Edited by Nicholas Ribush - 1 Advice for Monks and Nuns by Lama Yeshe and Lama Zopa Rinpoche Edited by Nicholas Ribush Lama Yeshe Wisdom Archive: Advice for Monks and Nuns

Download Edited by Nicholas Ribush -   1 Advice for Monks and Nuns by Lama Yeshe and Lama Zopa Rinpoche Edited by Nicholas Ribush Lama Yeshe Wisdom Archive: Advice for Monks and Nuns

Post on 06-Feb-2018

213 views

Category:

Documents

0 download

Embed Size (px)

TRANSCRIPT

  • eBUDDHANET'SBOOK LIBRARYE-mail: bdea@buddhanet.netWeb site: www.buddhanet.net

    Buddha Dharma Education Association Inc.

    Edited by Nicholas Ribush

    Advice for Monks & Nuns by Lama Yeshe & Lama ZopaAdvice for Monks & Nuns by Lama Yeshe & Lama Zopa

  • page 1

    Advice for Monks and Nuns

    by Lama Yeshe and Lama Zopa Rinpoche

    Edited by Nicholas Ribush

    L a m a Y e s h e W i s d o m A r c h i v e : A d v i c e f o r M o n k s a n d N u n s

  • page 2

    First published 1998

    Published by the Lama Yeshe Wisdom Archive for the International Mahayana Institute, a non-profit

    charitable organization for the benefit of all sentient beings and a section of the Foundation for the

    Preservation of the Mahayana Tradition.

    Lama Yeshe Wisdom Archive

    PO Box 356

    Weston, MA 02493 USA

    Contact: Nicholas Ribush, Director of LYWA: nick@LamaYeshe.com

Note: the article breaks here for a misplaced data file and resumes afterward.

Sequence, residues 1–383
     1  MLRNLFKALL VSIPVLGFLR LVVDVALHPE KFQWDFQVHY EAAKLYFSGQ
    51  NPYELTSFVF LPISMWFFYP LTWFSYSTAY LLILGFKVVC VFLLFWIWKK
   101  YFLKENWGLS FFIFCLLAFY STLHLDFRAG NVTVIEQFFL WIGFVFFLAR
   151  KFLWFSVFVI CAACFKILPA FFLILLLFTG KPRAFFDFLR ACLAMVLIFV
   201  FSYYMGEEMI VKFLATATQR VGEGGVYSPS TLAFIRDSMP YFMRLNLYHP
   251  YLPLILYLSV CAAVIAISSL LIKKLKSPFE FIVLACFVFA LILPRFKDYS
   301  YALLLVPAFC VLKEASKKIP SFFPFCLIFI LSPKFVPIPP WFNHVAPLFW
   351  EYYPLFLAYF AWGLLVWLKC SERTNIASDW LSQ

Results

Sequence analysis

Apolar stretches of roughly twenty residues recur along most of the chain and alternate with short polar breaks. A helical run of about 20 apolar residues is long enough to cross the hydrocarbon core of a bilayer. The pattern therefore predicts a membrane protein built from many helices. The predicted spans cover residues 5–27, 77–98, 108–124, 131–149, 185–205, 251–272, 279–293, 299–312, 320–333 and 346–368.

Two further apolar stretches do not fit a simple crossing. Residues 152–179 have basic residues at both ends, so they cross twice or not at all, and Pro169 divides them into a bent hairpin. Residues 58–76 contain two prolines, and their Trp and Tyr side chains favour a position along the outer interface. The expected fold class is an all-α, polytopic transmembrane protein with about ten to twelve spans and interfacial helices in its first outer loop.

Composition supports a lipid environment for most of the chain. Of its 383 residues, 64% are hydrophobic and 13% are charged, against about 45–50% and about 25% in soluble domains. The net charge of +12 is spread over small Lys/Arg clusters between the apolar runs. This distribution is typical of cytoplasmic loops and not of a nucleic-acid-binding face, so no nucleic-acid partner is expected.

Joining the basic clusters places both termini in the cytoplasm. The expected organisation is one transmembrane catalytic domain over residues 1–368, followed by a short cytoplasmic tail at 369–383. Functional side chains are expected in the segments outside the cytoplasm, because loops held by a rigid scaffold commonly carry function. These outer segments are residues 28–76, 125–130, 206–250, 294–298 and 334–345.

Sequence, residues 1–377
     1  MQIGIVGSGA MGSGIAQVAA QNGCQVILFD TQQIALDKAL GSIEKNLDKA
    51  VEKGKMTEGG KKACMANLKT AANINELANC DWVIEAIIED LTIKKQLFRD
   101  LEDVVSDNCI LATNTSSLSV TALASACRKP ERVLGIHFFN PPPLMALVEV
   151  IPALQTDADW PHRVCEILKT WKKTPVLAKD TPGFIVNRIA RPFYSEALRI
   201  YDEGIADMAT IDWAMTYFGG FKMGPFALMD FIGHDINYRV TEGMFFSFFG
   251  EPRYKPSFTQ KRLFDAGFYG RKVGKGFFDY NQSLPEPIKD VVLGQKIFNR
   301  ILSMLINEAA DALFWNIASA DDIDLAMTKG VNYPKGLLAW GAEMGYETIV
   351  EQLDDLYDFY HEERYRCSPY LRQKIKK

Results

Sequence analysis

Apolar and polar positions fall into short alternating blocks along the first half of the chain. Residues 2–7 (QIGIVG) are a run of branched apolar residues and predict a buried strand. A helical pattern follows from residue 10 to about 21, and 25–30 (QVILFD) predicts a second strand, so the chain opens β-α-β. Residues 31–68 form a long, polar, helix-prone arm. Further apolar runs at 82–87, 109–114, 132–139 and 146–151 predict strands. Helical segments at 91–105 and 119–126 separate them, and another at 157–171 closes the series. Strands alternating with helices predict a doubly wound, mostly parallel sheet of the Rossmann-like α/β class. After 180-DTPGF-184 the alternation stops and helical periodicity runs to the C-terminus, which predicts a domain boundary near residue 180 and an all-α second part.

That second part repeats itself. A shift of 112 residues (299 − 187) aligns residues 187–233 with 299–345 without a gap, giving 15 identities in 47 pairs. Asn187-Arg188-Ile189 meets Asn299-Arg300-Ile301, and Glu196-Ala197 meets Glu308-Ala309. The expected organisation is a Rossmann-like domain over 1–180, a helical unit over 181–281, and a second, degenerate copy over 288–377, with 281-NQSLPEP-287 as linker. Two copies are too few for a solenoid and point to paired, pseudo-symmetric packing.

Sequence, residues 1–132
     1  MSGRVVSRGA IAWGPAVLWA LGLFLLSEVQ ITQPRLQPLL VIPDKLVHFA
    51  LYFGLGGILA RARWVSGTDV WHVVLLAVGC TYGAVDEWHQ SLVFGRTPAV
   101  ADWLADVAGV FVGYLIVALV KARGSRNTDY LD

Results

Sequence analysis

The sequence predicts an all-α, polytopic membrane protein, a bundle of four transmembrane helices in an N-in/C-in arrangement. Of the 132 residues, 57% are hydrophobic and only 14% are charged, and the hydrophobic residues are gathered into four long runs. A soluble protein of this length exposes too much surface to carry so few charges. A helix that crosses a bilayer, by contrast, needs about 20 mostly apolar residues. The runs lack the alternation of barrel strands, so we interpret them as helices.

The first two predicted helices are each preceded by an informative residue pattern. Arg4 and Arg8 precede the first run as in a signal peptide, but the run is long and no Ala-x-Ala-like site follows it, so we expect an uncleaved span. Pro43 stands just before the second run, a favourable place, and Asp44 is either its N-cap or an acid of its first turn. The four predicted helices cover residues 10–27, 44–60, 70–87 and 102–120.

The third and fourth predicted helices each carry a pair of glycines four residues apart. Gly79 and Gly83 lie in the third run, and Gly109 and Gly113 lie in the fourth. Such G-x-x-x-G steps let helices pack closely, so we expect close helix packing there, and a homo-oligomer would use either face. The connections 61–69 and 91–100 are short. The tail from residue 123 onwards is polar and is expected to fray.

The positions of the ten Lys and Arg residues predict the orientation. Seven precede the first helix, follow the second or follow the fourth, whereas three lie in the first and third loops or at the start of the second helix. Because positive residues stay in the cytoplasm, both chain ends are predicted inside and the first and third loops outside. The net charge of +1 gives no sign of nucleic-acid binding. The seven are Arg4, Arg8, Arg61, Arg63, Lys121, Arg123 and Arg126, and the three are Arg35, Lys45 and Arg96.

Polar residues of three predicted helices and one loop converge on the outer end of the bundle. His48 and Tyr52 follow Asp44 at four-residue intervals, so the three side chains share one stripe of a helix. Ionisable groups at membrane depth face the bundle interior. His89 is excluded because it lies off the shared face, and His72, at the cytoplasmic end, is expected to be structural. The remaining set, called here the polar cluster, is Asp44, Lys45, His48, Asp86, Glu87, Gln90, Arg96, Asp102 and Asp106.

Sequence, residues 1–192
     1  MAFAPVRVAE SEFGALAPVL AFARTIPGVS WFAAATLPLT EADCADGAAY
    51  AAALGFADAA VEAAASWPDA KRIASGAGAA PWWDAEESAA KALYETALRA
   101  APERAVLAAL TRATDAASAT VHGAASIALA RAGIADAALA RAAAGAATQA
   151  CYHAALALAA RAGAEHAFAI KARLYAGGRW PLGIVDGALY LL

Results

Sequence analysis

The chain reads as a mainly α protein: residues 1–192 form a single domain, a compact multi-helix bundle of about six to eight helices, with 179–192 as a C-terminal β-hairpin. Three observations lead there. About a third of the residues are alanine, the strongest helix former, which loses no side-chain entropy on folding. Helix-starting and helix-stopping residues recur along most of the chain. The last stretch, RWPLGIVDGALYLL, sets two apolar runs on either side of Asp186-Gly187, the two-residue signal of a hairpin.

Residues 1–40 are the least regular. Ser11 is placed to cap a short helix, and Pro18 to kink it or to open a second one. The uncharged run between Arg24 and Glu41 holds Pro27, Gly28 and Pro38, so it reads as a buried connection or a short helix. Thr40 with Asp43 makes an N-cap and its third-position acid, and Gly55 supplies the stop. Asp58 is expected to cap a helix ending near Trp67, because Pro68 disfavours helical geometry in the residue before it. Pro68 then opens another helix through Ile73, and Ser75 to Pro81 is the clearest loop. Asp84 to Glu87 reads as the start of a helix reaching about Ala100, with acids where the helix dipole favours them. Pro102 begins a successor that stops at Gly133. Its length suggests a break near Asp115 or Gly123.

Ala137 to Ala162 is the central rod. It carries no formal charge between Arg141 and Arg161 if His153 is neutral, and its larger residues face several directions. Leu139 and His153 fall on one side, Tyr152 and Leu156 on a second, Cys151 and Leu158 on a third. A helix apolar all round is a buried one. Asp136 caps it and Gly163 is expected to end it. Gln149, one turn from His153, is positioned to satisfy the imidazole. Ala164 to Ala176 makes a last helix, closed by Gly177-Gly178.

Please do not reproduce any part of this booklet by any means

    whatsoever without our permission.

    FPMT 1998

    ISBN 1-891868-01-2

    Cover photograph by Carol Royce-Wilder

    Please contact the Lama Yeshe Wisdom Archive for free printed copies of this PDF

    mailto: nick@LamaYeshe.com

  • Publishers Note

    page 3

    The Lama Yeshe Wisdom Archive is delighted to collaborate with the International

    Mahayana Institute in the production of this small collection of talks by Lama Yeshe and

    Lama Zopa Rinpoche to their ordained students, the monks and nuns of the Foundation

    for the Preservation of the Mahayana Tradition.

    The first talk was given by Lama Yeshe at Kopan Monastery in December, 1973, to a small group of

    Western students a few weeks prior to their ordination. This was the beginning of the IMI.

    The second talk was given at Tushita Retreat Centre, Dharamsala, over two nights in April, 1982,

    during the first Enlightened Experience Celebration. Essentially, this was the beginning of

    Nalanda Monastery.

    The last two talks were given by Lama Zopa Rinpoche quite recently. The first was actually an essay